Sharing a Day

Clarence John Stewart

After reading my dear friend Mary’s (Momma) blog about her parents and especially about her Dad, I thought about my Dad. These are not easy memories to bring up, but here goes. I well-remember my Dad – he was my idol. Tall, strong handsome and I was “Daddy’s Little Girl”. Being an only child, it’s easy to see why I fit in that mold. I remember him mowing the lawn, making sure the grass underneath my swing set was taken care of so I could swing easily. Snuggling next to him on the couch watching Hockey Night in Canada (my cousin was on the team) and rooting for them to win (my Dad was from Paris, Ontario, Canada s0 there’s the connection). Visiting his relatives in Canada (a ‘day trip over the bridge’) and almost feeling like the ‘odd man out’ to  my cousins because I had an ‘accent’! (Translate that as: “I didn’t say “eh?” or “Ooooooot” instead of out, or “Abooooooot” instead of about – that sort of thing – Oh! or calling cookies “Biscuits”) I remember being in grade school and being made fun of because when I recited my A,B,C’s I said: “W, X, Y, Zed” (Zed is the way Canadians say Z). As to the title of this blog, I well remember a year when Father’s Day fell on my birthday (June 18th) and I was royally angry – I wanted it to be MY day, not have to share it with my Father (pretty spoiled sounding, wouldn’t you say?) The sad part of growing up, for me, was that my father became ill when I was about 8 and went into hospital; he was there almost 2 years and in all that time I never was able to visit him. (back then hospital rules were different – young children were not allowed in hospital rooms). He died when I was 10 and I regret not being able to say goodbye. I was told that, at the time, he was in so much pain that he was ‘out of his mind’, so perhaps it was better I didn’t see my idol in that condition.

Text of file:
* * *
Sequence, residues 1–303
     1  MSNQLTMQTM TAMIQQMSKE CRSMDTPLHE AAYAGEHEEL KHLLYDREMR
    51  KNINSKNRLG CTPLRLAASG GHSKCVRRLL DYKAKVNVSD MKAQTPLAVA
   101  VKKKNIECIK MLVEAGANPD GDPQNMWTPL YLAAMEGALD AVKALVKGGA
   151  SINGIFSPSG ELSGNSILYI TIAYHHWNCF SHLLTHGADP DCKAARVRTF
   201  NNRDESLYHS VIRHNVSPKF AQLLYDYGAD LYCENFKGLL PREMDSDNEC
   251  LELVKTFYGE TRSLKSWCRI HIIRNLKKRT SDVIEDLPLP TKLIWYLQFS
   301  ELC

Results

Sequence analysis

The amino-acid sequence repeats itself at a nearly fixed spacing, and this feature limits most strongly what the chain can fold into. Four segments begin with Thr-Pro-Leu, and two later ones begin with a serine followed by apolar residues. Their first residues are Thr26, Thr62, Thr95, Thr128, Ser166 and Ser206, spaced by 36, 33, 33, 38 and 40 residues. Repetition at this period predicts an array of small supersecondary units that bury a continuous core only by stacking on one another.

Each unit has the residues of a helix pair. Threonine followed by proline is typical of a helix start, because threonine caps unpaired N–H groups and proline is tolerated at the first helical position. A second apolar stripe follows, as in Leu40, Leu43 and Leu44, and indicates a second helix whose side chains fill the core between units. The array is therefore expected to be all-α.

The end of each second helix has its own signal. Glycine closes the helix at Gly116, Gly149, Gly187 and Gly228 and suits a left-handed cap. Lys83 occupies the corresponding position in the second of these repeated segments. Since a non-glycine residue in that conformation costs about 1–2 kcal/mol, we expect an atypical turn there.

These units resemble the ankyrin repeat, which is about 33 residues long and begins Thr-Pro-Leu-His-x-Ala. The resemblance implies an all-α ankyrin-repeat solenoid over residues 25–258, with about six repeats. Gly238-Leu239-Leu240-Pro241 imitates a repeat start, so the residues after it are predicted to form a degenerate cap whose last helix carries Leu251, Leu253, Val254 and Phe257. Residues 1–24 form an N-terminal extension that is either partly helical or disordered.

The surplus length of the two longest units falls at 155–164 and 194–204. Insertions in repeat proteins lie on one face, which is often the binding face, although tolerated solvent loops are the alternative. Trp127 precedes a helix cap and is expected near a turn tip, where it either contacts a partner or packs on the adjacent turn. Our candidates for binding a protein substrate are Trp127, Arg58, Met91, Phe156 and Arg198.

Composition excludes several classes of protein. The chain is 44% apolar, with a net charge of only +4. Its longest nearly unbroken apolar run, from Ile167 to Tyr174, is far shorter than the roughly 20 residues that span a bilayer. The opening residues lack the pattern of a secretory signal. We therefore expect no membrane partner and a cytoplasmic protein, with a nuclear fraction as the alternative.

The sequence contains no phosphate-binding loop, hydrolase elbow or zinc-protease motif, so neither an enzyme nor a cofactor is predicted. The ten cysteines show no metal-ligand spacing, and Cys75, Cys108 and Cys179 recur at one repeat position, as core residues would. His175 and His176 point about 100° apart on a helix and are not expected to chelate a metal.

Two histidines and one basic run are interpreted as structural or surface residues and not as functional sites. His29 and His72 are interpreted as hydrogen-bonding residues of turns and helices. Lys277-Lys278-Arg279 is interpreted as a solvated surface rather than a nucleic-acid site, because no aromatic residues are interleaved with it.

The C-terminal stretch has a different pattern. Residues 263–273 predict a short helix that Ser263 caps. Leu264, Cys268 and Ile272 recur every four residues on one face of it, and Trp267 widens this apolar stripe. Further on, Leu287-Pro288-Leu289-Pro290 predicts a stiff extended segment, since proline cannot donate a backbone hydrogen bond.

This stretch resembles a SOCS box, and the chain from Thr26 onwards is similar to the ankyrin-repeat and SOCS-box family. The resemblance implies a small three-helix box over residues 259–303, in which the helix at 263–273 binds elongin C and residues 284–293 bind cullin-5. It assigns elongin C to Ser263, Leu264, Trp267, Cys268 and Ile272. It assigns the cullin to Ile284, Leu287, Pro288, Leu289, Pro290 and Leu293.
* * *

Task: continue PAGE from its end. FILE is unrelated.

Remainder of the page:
My father had been a Meat Master (Canadian term-here we call them butchers). He came to Michigan for work and was working in a Meat store in town when my mother came in (I guess she knew another fellow who worked there). They met and the rest is history.  My Dad was a quiet, gentle man who loved to take me to get ice cream cones, or let me tag along when he went to the store for milk or bread. My best friend once mentioned that she really liked my Dad because he would let her tag along on our ice cream trips. I well remember a memory of playing on the kitchen floor and my father telling me that when I grew up he would have to fight off young men who came courting me. (the memory was that I didn’t understand what he was talking about and he had to explain – I was probably around 6 at the time).

Those are my memories – I resemble my father in looks – I have his square jaw, and even his cleft chin. Although it’s been 53 years since he died;  I still have fond memories of my ‘idol’.

Hoping you are either enjoying time with your Father or remembering something about your Father which brings you gladness.


Pam  (“Penny” to my Dad)

Published in: on June 18, 2011 at 11:14 am  Comments (1)  

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  1. A wonderful remembrance of a father that did share a short but loving time with his daughter. He had to have been that for you to remember the wonderful things he did with you. I must also add that your turned out to be a wonderful, creative, and giving person that he would have been very proud of. Thank you for sharing some of him with us.

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